Announcing Stack Overflow Documentation

We started with Q&A. Technical documentation is next, and we need your help.

Whether you're a beginner or an experienced developer, you can contribute.

Sign up and start helping → Learn more about Documentation →

If I have a PHP string in the format of mm-dd-YYYY (for example, 10-16-2003), how do I properly convert that to a Date and then a DateTime in the format of YYYY-mm-dd? The only reason I ask for both Date and DateTime is because I need one in one spot, and the other in a different spot.

share|improve this question
up vote 196 down vote accepted

Use strtotime() on your first date then date('Y-m-d') to convert it back:

$time = strtotime('10/16/2003');

$newformat = date('Y-m-d',$time);

echo $newformat;
// 2003-10-16

Make note that there is a difference between using forward slash / and hyphen - in the strtotime() function. To quote from php.net:

Dates in the m/d/y or d-m-y formats are disambiguated by looking at the separator between the various components: if the separator is a slash (/), then the American m/d/y is assumed; whereas if the separator is a dash (-) or a dot (.), then the European d-m-y format is assumed.

share|improve this answer
This won't work. PHP will interpret that input as DD-MM-YYYY. – Matthew Jun 4 '11 at 20:24
i added a little more explanation to my code, thanks @konforce – Ibu Jun 4 '11 at 20:29
Read next answer for a better solution – Manuel Bitto Jun 14 '13 at 22:45
I get 1970, but not in all ... – delive Apr 5 at 10:44
@delive your date string is most likely not a correct date. – Ibu Apr 5 at 18:34

You need to be careful with m/d/Y and m-d-Y formats. PHP considers / to mean m/d/Y and - to mean d-m-Y. I would explicitly describe the input format in this case:

$ymd = DateTime::createFromFormat('m-d-Y', '10-16-2003')->format('Y-m-d');

That way you are not at the whims of a certain interpretation.

share|improve this answer
Curious as to why this isn't the accepted answer... This is much more flexible than relying on the quirks of the strtotime() function. – jzimmerman2011 Dec 4 '12 at 21:43
Excellent answer Sir :) Seamless, hassle free and working correct. – Ankur Kumar Sep 4 '13 at 6:04
It's important to point that php DateTime class is available since PHP version 5.2 and createFromFormat since 5.3 – Diego Alcántara Sep 23 '13 at 19:10
As with every function, you should check if it meets minimum version you must support. But PHP 5.2 EOL was Jan 2011. Nobody should be running it any more; catering to those people is just enabling them to run outdated, insecure software. – Matthew Sep 24 '13 at 2:24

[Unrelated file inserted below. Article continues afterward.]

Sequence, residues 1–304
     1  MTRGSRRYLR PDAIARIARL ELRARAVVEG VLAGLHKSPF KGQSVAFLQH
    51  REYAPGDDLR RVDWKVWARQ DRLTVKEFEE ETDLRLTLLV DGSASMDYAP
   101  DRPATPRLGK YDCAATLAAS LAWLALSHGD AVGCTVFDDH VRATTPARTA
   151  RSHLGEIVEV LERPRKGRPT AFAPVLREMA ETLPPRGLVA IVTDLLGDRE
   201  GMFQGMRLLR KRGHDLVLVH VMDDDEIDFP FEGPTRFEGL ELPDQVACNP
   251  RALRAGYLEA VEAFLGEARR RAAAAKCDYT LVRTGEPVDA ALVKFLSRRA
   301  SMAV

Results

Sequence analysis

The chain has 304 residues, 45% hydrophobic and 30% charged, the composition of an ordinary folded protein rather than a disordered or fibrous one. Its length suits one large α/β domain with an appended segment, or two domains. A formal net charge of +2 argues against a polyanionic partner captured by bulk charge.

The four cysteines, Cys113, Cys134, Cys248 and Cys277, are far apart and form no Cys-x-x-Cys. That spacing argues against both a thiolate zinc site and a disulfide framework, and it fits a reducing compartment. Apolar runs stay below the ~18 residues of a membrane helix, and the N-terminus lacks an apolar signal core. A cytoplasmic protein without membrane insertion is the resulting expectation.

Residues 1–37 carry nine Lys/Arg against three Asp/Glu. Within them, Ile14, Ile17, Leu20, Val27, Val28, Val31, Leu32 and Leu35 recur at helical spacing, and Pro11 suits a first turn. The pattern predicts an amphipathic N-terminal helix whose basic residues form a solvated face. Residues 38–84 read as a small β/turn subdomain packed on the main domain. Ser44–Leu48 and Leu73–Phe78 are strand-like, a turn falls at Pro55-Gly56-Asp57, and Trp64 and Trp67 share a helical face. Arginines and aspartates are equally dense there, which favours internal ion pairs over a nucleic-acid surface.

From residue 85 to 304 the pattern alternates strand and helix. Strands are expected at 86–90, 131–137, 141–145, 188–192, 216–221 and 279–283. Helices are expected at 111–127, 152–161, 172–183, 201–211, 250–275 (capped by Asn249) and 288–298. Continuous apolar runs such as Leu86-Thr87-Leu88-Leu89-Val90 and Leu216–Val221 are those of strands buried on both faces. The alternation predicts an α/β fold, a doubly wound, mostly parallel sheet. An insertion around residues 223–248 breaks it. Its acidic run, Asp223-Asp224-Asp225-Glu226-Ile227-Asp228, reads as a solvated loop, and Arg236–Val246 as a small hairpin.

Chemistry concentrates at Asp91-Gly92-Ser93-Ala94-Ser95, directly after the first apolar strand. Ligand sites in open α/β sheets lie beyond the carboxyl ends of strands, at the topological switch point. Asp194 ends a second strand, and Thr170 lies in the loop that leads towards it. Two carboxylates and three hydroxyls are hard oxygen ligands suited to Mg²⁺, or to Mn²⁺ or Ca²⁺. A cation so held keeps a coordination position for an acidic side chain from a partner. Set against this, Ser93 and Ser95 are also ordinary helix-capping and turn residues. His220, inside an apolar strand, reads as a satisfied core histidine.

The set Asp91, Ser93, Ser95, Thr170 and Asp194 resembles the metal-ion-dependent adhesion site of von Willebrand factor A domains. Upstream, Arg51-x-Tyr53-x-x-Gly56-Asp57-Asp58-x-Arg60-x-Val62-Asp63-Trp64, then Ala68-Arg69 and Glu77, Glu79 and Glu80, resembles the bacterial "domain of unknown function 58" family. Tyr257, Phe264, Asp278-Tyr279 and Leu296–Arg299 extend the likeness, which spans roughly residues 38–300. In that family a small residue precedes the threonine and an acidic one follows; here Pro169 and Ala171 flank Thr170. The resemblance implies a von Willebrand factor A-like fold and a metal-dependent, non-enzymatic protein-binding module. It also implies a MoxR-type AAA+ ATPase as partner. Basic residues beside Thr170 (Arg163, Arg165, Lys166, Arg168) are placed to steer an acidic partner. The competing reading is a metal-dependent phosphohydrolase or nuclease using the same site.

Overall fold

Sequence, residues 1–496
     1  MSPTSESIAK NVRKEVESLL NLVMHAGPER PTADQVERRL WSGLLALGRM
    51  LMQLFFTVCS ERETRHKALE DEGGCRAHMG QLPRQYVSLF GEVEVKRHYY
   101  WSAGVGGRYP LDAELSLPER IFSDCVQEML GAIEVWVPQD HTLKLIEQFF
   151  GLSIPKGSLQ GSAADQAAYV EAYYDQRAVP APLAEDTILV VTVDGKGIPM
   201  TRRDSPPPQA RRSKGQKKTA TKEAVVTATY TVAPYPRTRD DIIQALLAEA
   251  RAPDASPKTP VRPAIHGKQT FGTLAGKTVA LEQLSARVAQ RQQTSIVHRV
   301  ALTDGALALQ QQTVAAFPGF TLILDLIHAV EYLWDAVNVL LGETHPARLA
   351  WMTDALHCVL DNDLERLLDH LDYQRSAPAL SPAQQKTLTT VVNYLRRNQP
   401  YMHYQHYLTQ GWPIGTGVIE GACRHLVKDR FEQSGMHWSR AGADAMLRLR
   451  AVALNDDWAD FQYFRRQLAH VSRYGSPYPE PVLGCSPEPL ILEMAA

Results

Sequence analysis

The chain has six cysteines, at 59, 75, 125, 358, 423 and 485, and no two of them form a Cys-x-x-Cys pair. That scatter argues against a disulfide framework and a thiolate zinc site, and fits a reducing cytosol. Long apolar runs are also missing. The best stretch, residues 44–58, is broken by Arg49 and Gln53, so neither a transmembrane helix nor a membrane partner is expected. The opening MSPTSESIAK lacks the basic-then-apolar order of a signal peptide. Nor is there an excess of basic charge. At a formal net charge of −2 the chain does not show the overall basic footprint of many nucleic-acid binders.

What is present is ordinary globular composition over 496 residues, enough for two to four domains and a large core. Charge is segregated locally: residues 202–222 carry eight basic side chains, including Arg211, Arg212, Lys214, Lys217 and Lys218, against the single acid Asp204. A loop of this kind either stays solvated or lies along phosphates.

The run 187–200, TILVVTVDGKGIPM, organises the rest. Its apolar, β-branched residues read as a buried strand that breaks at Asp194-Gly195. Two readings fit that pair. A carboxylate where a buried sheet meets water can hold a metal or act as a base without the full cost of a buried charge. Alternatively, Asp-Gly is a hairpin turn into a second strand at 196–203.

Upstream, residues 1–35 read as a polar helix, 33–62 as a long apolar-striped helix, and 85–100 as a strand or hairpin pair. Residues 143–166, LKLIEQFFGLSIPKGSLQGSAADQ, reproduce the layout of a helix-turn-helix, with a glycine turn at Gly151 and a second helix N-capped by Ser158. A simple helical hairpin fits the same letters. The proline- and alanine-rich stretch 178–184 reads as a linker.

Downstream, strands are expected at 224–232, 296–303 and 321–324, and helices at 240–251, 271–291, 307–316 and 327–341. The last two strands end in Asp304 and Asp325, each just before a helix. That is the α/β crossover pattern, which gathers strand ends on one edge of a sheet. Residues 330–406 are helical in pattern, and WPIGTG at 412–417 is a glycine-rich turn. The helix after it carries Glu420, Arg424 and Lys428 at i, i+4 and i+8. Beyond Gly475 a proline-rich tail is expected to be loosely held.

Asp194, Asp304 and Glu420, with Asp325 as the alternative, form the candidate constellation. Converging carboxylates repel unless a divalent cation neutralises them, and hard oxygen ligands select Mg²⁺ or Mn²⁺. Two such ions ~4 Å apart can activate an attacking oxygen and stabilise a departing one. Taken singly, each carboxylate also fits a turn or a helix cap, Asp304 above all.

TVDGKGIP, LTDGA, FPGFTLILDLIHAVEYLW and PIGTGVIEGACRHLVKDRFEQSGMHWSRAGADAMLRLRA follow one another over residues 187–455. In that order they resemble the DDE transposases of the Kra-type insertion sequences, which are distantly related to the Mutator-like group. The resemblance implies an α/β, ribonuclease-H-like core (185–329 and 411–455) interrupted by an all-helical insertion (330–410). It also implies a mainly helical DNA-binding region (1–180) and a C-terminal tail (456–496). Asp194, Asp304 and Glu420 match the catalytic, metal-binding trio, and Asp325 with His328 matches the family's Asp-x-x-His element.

$d = new DateTime('10-16-2003');

$timestamp = $d->getTimestamp(); // Unix timestamp
$formatted_date = $d->format('Y-m-d'); // 2003-10-16

Edit: you can also pass a DateTimeZone to DateTime() constructor to ensure the creation of the date for the desired time zone, not the server default one.

share|improve this answer
I believe this will throw an exception because month 16 is invalid. – Matthew Jun 4 '11 at 20:25
It's important to point that php DateTime class is available since PHP version 5.2 and getTimestamp since 5.3 – Diego Alcántara Sep 23 '13 at 19:08

To parse the date, you should use: DateTime::createFromFormat();


$dateDE = "16/10/2013";
$dateUS = \DateTime::createFromFormat("d.m.Y", $dateDE)->format("m/d/Y");

However, careful, because this will crash with:

PHP Fatal error: Call to a member function format() on a non-object 

You actually need to check the formatting went fine, first:

$dateDE = "16/10/2013";
$dateObj = \DateTime::createFromFormat("d.m.Y", $dateDE);
if (!$dateObj)
    throw new \UnexpectedValueException("Could not parse the date: $date");
$dateUS = $dateObj->format("m/d/Y");

Now instead of crashing, you will get an exception, which you can catch, propagate, etc.

$dateDE has the wrong format, it should be "16.10.2013";

share|improve this answer

If you are using PHP 5.2 or high, use DateTime as mentioned above. This article will help.

share|improve this answer

Your Answer


By posting your answer, you agree to the privacy policy and terms of service.

Not the answer you're looking for? Browse other questions tagged or ask your own question.